Blue Ridge Parkway
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Hiking Trails

Hiking at Cone Park, Blue Ridge ParkwayA journey on the Blue Ridge Parkway offers motorists spectacular views of Southern Appalachia’s diverse beauty for 469 uninterrupted miles. Blue-misted mountains, cascading waterfalls, rolling pasture, and gorges banked with wildflowers greet hikers of all skill levels among the more than 100 varied and intriguing trails in North Carolina and Virginia.

Meandering alongside and crossing the scenic motor road, the trails provide a close-up look at some of the most beautiful wilderness in the country. Many trails wind their way through unique biological and geological environments. Others lead to historic sites with stories of how people have shaped our heritage.

Many parkway trails continue onto Forest Service and private land. Please respect all these lands and treat them with care. Click on the following links for a list of Blue Ridge Parkway hiking trails in North Carolina and Virginia.

Related Information

Highlights & Happenings

  • Waterrock Knob, MP 451.2
  • An ideal spot for watching sunrise and sunsets across the rugged mountains, Waterrock Knob Visitor Center sits at almost 6,000 feet elevation. Exhibits, book sales, and a trail leading to the summit of Waterrock Knob await visitors. The last hik
  • Peaks of Otter, MP 86
  • With stunning views, natural beauty, and the surrounding Jefferson National Forest, it’s no wonder the Peaks of Otter area has attracted people to the region for more than 8,000 years.
  • Parkway Visitor Center, MP 384
  • Visitors traveling the Blue Ridge Parkway can now make one stop to learn about the entire 469 miles and 73-year history of the Parkway. The Parkway Visitor Center opened in 2008 and unveiled innovative, high-tech interactive exhibits. The LEED-certif
  • Humpback Rocks, MP 5.8
  • At the northern end of the Blue Ridge Parkway, Humpback Rocks is perhaps the best representation of the varied combination of natural and cultural resources anywhere along the Parkway corridor. Visitors can tour a collection of nineteenth century far
  • Craggy Gardens, MP 364
  • These high elevation summits are home to spectacular floral displays. June and July are usually prime times to view the pink and purple blooms of rhododendron, but don’t despair if you miss the peak bloom. Violets, blackberry, May-apple, a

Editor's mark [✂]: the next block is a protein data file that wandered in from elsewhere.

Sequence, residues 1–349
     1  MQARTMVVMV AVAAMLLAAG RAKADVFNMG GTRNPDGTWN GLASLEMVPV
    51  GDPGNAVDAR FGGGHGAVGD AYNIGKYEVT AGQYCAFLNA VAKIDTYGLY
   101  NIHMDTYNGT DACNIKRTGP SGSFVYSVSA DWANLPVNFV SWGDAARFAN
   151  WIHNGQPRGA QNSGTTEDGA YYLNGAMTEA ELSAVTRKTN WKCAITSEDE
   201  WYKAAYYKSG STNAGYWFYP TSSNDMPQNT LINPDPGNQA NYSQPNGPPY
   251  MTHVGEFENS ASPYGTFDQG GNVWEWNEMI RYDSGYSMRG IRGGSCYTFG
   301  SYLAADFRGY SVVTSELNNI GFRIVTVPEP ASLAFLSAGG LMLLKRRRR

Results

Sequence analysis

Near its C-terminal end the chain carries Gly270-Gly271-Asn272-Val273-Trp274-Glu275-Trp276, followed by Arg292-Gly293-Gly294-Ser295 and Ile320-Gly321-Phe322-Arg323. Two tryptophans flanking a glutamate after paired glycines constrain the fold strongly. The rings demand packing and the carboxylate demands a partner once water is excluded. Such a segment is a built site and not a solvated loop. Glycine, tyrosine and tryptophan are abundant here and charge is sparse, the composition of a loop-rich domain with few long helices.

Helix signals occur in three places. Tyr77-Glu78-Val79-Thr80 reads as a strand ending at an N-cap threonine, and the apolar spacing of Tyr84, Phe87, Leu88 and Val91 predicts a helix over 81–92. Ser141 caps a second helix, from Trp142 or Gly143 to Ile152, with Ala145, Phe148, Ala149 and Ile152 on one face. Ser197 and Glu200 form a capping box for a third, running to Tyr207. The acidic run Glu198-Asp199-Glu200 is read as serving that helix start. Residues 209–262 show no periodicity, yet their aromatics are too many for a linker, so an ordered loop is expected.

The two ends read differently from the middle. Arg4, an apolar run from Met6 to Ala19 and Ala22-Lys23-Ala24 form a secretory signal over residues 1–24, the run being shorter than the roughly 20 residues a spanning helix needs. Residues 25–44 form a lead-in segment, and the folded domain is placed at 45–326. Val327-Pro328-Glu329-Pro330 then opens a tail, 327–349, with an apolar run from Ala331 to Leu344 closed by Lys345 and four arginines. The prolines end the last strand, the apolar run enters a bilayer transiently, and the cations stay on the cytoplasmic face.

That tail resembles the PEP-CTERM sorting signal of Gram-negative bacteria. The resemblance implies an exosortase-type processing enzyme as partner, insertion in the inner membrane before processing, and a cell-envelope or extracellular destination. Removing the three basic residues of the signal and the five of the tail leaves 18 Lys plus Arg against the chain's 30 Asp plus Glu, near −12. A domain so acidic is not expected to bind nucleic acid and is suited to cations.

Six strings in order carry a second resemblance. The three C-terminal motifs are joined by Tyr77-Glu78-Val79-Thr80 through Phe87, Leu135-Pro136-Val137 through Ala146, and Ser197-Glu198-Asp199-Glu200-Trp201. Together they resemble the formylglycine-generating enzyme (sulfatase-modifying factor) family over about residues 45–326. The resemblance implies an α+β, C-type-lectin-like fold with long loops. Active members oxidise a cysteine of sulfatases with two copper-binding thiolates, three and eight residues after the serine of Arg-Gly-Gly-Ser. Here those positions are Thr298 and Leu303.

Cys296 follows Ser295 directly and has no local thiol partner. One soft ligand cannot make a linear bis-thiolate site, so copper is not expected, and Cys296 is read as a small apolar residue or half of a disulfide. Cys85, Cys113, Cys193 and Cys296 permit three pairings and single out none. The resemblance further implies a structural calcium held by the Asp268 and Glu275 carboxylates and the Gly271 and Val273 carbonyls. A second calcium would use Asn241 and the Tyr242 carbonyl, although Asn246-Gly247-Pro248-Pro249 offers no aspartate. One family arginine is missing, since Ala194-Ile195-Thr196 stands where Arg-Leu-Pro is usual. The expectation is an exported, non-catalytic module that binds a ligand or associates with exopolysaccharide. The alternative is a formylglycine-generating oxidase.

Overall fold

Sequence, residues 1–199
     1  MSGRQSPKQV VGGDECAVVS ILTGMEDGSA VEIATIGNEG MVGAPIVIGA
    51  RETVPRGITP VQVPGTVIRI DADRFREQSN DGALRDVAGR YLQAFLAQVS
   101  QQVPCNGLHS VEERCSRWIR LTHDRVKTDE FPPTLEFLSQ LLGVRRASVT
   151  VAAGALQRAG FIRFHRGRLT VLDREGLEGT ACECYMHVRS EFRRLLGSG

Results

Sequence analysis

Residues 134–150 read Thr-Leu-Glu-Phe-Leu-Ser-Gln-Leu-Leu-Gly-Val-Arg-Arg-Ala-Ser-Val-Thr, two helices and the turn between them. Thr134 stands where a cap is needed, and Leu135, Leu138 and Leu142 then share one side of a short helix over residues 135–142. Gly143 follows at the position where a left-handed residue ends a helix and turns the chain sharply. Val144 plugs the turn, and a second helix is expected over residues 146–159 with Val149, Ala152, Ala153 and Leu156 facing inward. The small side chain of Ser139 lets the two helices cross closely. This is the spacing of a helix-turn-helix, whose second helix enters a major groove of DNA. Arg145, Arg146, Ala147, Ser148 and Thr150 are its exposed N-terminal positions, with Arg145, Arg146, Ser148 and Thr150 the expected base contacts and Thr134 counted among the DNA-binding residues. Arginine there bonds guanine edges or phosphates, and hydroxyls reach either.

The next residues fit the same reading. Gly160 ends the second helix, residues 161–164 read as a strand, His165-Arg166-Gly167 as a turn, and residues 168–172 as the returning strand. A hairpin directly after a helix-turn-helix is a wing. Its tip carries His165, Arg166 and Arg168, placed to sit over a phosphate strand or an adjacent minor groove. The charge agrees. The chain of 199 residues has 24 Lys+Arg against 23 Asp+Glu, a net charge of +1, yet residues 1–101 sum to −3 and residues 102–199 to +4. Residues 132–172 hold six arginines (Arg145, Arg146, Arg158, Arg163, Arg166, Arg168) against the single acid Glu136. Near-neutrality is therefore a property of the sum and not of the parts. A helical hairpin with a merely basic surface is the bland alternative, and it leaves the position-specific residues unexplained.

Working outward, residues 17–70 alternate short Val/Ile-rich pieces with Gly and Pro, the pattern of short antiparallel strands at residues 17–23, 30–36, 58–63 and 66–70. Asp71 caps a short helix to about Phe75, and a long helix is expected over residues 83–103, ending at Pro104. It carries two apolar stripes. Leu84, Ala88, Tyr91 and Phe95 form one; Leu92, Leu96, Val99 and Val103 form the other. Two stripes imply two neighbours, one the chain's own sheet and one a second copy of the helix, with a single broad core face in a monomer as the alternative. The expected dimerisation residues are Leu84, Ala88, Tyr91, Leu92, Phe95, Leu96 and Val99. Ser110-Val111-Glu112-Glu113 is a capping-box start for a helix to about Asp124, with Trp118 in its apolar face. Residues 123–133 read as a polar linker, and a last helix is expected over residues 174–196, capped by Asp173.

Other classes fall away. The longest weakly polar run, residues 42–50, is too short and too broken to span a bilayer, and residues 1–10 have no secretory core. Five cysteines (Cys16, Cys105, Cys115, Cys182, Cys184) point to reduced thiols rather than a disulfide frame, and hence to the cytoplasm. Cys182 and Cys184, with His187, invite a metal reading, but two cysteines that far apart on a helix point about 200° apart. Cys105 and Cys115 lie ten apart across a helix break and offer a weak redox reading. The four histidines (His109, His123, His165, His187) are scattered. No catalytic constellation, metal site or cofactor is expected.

• Cumberland Knob, MP 217.5
  • Located near the Virginia state line, Cumberland Knob is the site where construction of the Blue Ridge Parkway began in 1935. It was the first recreation area opened to the public and remains a favorite destination for both locals and visitors. The m
  • Moses H. Cone Park, MP 294
  • A majestic 4,200 acres at the foot of Grandfather Mountain, named in honor of Julian Price, lies directly adjacent to the Moses H. Cone Memorial Park. Together these parks comprise the largest developed area set aside for public recreati
  • Parkway Road Conditions
  • An open Parkway is a safe Parkway. Be sure to check road conditions online or by phone before you travel and during your visit.
  • Camping
  • Camping is one way visitors traveling through the Blue Ridge Parkway can spend the night under the stars in one of America’s most beautiful natural settings.
  • Blue Ridge Parkway Directory & Travel Planner
  • The 67th edition of the Blue Ridge Parkway Directory & Travel Planner is your ultimate source for planning a trip to the Blue Ridge Mountains.
  • Hiking Trails
  • A journey on the Blue Ridge Parkway offers motorists spectacular views of Southern Appalachia’s diverse beauty for 469.1 uninterrupted miles.
  • Blooms & Wildlife Watching
  • Don't forget your cameras and binoculars when visiting the Blue Ridge Parkway! Learn when and where to see blooms along your journey.
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